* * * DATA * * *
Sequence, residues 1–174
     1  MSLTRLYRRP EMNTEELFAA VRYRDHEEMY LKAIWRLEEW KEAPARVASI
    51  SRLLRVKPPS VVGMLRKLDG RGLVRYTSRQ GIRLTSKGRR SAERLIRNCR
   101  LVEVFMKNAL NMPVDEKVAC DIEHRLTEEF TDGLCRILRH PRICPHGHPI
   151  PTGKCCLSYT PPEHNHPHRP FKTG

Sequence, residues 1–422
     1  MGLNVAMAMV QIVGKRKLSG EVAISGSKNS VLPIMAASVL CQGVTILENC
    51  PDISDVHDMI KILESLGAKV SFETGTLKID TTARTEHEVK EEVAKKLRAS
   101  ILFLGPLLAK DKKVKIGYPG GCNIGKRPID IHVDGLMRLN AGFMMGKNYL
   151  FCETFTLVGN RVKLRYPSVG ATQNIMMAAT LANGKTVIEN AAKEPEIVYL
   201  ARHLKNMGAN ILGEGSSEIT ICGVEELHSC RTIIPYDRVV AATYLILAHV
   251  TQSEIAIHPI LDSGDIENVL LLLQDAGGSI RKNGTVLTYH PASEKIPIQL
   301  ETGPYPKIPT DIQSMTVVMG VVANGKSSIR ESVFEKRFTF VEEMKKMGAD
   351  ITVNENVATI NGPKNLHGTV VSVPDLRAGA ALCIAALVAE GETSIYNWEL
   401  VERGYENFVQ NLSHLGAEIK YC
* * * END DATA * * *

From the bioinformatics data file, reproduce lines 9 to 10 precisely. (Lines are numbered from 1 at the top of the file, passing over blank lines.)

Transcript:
   101  ILFLGPLLAK DKKVKIGYPG GCNIGKRPID IHVDGLMRLN AGFMMGKNYL
   151  FCETFTLVGN RVKLRYPSVG ATQNIMMAAT LANGKTVIEN AAKEPEIVYL